November 2019

Our Judicial System

Part of being a humanist is being a good citizen. Being a good citizen requires attention to our community and staying aware of how the systems we live with affect the people around us.

Honorable Richard Mazrick
Honorable Richard Rarzick

On October 10, we spent time at our monthly meeting examining our judicial system. An energetic and thoughtful judge, Richard Mazrick of the Third District gave us time and attention to keep us up to date on our local judicial system. The title of his remarks to us was, “Understanding our Legal System through Ethics and Compassion.” Judges are known to set the tone in their own courts. I already appreciate this judge for the offered lens of ethics and compassion, through which we could view our legal system.

The United States is well-known for having one of the most sophisticated judicial systems in the world. Our system is also flexible and far reaching as it operates in a country with as much diversity as we have here.

One of the keys to this success is a balanced and well-organized hierarchy. Federal courts control issues of federal law. The highest federal court is the Supreme Court. Just below this are the regional courts of appeals. Next down are the 94 district courts. Each of these courts has at least two judges who may appoint magistrates to help with their case load.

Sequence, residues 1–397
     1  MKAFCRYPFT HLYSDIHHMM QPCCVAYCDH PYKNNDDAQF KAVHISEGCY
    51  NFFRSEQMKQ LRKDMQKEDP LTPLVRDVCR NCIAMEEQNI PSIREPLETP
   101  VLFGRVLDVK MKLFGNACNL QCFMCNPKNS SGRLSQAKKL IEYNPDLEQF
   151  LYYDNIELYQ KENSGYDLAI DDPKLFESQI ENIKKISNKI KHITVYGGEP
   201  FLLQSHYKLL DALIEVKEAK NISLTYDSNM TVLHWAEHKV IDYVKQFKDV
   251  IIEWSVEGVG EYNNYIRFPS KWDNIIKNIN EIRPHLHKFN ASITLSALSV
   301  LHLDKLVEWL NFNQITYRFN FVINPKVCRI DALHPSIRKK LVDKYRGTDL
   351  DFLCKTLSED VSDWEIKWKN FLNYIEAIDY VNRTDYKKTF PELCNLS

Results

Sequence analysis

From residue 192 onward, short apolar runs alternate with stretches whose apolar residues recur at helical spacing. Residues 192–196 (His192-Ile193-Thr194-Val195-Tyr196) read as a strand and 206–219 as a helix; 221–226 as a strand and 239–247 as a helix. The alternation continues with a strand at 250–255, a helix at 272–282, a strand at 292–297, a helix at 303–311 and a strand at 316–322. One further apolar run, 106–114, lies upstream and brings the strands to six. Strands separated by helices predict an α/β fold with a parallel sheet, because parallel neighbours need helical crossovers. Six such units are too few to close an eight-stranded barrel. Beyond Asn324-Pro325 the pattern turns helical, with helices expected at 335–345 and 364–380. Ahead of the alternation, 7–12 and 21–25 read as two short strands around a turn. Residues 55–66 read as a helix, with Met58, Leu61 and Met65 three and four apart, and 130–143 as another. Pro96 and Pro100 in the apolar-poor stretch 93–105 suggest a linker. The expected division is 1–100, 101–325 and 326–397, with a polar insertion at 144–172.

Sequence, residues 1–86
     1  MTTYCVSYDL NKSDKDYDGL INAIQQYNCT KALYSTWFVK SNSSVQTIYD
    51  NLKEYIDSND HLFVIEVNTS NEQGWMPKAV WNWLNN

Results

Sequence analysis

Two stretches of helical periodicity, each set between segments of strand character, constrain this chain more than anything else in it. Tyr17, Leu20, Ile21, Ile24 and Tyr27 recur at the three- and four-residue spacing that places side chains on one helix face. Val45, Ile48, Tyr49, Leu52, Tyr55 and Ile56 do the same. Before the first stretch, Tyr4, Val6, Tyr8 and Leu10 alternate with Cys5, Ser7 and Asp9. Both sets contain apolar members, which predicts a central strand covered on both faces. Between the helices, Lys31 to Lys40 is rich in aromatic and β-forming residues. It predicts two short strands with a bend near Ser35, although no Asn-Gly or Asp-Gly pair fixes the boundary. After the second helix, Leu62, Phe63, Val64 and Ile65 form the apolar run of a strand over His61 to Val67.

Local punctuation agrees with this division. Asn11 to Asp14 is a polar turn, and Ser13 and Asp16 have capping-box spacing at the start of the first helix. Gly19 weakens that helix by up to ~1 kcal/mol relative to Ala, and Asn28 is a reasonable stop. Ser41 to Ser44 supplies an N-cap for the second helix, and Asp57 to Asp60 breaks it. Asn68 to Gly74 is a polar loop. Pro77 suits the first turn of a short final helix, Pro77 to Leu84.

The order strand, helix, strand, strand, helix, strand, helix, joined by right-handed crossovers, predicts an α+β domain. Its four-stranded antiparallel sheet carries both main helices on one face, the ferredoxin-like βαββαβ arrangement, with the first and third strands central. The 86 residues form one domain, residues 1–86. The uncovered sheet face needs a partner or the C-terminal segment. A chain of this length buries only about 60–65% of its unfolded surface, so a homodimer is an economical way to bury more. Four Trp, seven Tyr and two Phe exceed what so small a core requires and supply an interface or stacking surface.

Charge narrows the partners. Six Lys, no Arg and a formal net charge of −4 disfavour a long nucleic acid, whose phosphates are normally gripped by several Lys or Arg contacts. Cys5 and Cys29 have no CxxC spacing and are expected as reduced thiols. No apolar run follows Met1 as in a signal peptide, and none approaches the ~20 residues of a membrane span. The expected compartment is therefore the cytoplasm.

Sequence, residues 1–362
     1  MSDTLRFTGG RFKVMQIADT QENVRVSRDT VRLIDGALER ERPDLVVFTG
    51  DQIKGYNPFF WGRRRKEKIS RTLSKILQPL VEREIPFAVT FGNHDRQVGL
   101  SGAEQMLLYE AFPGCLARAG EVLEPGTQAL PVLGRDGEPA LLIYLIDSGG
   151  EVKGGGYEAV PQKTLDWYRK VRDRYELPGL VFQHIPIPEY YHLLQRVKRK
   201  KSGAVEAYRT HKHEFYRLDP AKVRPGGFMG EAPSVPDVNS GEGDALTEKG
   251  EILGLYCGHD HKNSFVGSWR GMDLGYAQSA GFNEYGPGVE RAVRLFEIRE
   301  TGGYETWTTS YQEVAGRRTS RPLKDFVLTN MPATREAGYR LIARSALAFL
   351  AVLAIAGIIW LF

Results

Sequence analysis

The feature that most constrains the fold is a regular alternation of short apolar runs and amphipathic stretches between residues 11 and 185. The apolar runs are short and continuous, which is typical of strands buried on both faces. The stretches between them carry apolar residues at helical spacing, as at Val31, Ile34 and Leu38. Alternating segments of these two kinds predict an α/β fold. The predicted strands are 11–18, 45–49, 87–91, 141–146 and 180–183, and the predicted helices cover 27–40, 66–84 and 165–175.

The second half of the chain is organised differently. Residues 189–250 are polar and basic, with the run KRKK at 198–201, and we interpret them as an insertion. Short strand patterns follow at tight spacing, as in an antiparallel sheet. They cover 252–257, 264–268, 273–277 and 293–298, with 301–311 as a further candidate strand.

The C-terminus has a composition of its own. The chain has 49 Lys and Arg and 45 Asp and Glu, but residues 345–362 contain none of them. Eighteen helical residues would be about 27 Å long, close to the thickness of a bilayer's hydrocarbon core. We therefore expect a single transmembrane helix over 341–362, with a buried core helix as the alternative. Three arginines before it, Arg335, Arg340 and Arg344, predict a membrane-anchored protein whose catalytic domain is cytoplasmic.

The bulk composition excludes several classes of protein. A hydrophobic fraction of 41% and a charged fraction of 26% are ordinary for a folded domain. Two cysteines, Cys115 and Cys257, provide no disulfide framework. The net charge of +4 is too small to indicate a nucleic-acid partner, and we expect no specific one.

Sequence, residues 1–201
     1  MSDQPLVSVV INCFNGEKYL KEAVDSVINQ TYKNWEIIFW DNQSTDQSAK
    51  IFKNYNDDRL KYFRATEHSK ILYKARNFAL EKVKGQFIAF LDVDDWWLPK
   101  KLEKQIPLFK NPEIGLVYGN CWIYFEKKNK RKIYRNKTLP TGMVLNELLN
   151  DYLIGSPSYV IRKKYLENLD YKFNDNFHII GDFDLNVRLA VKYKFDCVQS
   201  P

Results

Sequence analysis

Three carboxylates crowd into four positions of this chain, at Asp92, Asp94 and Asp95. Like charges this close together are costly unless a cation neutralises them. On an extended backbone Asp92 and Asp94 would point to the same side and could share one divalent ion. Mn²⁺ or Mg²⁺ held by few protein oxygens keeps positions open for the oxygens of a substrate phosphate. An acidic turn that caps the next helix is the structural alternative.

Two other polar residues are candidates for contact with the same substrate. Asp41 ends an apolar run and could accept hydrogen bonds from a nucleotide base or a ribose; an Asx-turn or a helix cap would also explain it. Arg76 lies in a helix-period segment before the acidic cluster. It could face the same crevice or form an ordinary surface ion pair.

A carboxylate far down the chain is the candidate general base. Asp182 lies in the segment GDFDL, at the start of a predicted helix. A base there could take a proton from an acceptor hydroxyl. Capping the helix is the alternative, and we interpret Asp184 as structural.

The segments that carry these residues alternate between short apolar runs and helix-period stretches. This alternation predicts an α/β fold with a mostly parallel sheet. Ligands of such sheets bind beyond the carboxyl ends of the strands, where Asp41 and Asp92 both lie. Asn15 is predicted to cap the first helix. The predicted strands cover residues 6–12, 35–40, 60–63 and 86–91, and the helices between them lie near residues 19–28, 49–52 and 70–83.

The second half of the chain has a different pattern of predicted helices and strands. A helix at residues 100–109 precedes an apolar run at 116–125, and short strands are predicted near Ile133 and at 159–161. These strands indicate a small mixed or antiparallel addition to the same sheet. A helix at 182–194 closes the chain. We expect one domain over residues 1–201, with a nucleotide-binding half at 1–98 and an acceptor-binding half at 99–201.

State courts are separate and different in order to control the different systems of laws in each state.

The basic elements of the U.S. judicial system are, in part, inherited from English common law and depend on an adversarial system of justice. In an adversarial system, litigants present their cases before a neutral party through their lawyers who present written and oral testimony as evidence. These arguments allow the judge or jury to determine the truth about the conflict.

Many rules exist regarding how evidence and testimony are presented, trial procedure, courtroom behavior and etiquette. These rules are designed to promote fairness and allow each side an opportunity to adequately present its case.

Many court rulings become precedent, i.e. a principle, law or interpretation of a law established by a court ruling. Precedent is generally respected by other courts when dealing with a case or situation similar to a past precedent. This policy is known as “stare decisis” or “let the decision stand.” Precedent is sometimes overturned or disregarded by a court, but the policy generally provides continuity in courts’ interpretations of the law.

State courts are the courts most Americans will contact during their lives.  In Utah, civil cases are appealed directly to the state Supreme Court, which then has the power to refer the case instead to an intermediate appellate court, rather than being appealed first to an intermediate appellate court and then to a state supreme court.